The outbreak of coronavirus (also known as COVID-19) is reportedly impacting global manufacturing, transportation and cross-border supply chains underpinning many aspects of international trade and commerce. Some companies are asserting that the outbreak constitutes a force majeure event or gives rise to another legal basis excusing nonperformance under commercial contracts. We are advising clients on numerous legal issues relating to the outbreak, such as proper disclosure by public companies of the impact of the outbreak on the company. Furthermore, companies that are negotiating commercial agreements today should proactively consider the appropriate allocation of risk and consequences of further business deterioration resulting from the coronavirus outbreak.
The impact of the virus on a particular business and under a particular contract will be fact-specific. For companies that are considering issuing force majeure notices as well as the companies that are receiving them, it is important to review the relevant agreement together with a company's other material agreements to ascertain all rights and obligations. Notices may need to be given within defined time periods. Also, the terms of the agreements and the applicable law govern the scope of potential defenses to nonperformance. An assessment of available insurance coverage should also be performed, and insurance claims should be made on a timely basis. We provide below a summary of the relevant principles and possible steps in evaluating these issues.
Exposure Assessment and Action Plan
Parties to commercial agreements impacted by the coronavirus outbreak should promptly analyze their rights and obligations. This entails:
identifying key provisions of material contracts that may be affected by the recent events (e.g., representations/warranties, covenants, termination rights, conditions, force majeure clauses or "change in law" clauses);
identifying notice requirements that have been or may be triggered;
considering whether there are alternative means to perform contractual obligations or proactive steps that can be taken anticipating the potential future effects of the outbreak;
analyzing the potential consequences of a breach and/or default;
managing communications with counterparties, bearing in mind the importance of global coordination of local relationships to ensure a consistent approach; and
understanding local regulatory actions and restrictions, including reviewing existingregulations (e.g., on health and safety) and monitoring new edicts in real time to determine whether they require the company to take steps or make decisions that may affect contractual commitments.
Commercial agreements may provide for a range of potential consequences arising from the outbreak, including performance and/or cost relief for the affected party, liability for damages and termination. Financing agreements often include potentially relevant notice obligations to lenders and events of default — most commonly tied to a material adverse event affecting the borrower or, in some instances, its parent or supplier(s). There may be additional nuances under the laws of particular jurisdictions.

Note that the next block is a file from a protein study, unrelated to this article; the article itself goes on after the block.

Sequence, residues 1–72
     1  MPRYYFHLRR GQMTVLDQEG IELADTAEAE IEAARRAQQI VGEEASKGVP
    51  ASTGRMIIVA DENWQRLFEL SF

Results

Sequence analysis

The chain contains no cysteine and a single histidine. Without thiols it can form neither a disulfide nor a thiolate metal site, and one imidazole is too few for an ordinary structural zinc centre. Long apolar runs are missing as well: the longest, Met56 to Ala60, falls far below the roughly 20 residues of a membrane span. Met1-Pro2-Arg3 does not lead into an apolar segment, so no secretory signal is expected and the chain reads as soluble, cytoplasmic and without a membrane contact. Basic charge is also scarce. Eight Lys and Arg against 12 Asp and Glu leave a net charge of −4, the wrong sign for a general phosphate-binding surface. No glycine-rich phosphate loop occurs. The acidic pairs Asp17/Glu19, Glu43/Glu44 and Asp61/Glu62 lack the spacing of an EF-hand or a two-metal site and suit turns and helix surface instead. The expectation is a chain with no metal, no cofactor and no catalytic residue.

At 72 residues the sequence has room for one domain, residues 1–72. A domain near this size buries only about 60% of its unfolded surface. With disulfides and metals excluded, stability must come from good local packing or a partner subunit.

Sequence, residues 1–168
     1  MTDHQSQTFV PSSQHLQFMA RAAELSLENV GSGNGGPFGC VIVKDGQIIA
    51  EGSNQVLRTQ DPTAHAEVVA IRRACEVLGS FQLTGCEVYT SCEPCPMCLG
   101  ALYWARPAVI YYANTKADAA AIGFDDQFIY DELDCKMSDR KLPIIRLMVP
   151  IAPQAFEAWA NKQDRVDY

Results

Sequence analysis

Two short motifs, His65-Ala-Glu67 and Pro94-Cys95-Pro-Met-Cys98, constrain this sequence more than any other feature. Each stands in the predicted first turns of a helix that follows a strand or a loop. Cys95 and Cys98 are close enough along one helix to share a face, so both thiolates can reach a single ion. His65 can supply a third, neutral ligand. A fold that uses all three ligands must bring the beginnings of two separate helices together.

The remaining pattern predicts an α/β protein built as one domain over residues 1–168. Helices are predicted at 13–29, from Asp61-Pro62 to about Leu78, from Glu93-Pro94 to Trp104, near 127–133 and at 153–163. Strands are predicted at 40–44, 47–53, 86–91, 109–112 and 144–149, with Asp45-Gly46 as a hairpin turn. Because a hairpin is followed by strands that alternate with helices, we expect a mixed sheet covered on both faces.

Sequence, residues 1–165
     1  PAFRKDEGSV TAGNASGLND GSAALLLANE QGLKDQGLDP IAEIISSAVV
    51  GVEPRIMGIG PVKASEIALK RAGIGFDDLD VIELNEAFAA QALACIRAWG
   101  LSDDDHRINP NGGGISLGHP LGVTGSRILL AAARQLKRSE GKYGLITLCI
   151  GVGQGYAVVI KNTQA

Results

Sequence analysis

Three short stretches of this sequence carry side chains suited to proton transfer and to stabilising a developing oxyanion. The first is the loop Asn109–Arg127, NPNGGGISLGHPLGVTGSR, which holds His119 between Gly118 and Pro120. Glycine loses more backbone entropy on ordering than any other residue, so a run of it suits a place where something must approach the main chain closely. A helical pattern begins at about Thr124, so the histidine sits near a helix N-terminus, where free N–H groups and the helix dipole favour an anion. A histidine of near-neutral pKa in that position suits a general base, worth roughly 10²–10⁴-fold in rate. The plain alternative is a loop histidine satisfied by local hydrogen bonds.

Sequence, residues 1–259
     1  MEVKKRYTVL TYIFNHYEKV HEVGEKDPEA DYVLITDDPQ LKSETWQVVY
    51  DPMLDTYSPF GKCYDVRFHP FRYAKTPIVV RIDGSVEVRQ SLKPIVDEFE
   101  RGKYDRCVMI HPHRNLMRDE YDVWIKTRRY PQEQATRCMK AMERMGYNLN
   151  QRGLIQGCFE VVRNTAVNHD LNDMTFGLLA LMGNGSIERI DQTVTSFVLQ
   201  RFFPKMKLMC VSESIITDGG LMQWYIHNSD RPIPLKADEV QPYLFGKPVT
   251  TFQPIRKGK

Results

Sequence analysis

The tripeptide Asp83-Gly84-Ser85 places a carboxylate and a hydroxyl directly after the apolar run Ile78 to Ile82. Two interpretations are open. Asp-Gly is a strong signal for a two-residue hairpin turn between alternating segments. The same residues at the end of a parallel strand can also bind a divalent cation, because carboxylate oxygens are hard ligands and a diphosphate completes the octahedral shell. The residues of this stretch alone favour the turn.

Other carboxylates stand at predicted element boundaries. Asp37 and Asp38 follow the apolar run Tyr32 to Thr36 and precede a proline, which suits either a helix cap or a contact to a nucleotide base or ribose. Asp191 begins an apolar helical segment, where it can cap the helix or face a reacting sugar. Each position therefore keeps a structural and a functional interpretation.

In addition, for public companies, the effects of the outbreak of coronavirus could raise disclosure and other securities and legal concerns about the impact of the virus on the particular company's financial performance or financial guidance, depending on the particular situation and jurisdiction at issue.
We describe below time-sensitive considerations concerning contractual notices and insurance coverage and provide further background on potentially applicable legal principles such as force majeure, frustration, hardship and material adverse events.
In the immediate term, many contracts require that any party who seeks to assert force majeure as a basis for suspending performance must provide notice to its counterparty.
Failure to send such notices "promptly" or, in some cases, within a certain number of days, may result in arguments that the force majeure defense was waived or have other adverse consequences.
Some contracts further provide that the continuation of a force majeure event for a certain period of time (e.g., 90 to 180 days) may give rise to a right of termination. In other scenarios, force majeure may give rise only to a suspension of the required performance.
Impact on other agreements:
Parties seeking to invoke, or who are faced with, a declaration of force majeure should also consider the effect of such a declaration on other agreements or legal obligations, e.g., financing agreements and disclosure obligations. Many financial agreements include representations regarding, or covenants to provide notice of, material litigation, material events that could lead to a material litigation or anticipated loss outside of the ordinary course of business. An interruption of business also may constitute an event of default, either expressly or through its impact on financial or other covenants.
Whether insurance may cover losses arising out of a party's inability to meet its obligations due to the coronavirus outbreak also should be considered.
Many commercial property insurance policies provide business interruption coverage; though, as a prerequisite to coverage, these policies frequently require direct physical loss to property of the insured, its customers or its suppliers.
Certain specialized insurance products — such as force majeure insurance, trade disruption insurance, political risk insurance or performance bonds — may offer an avenue of relief.
In all events, coverage will be determined by a policy's specific terms and conditions, which should be carefully evaluated. Particular attention should be given to the applicable policy's notice provisions.
Force Majeure and Similar Doctrines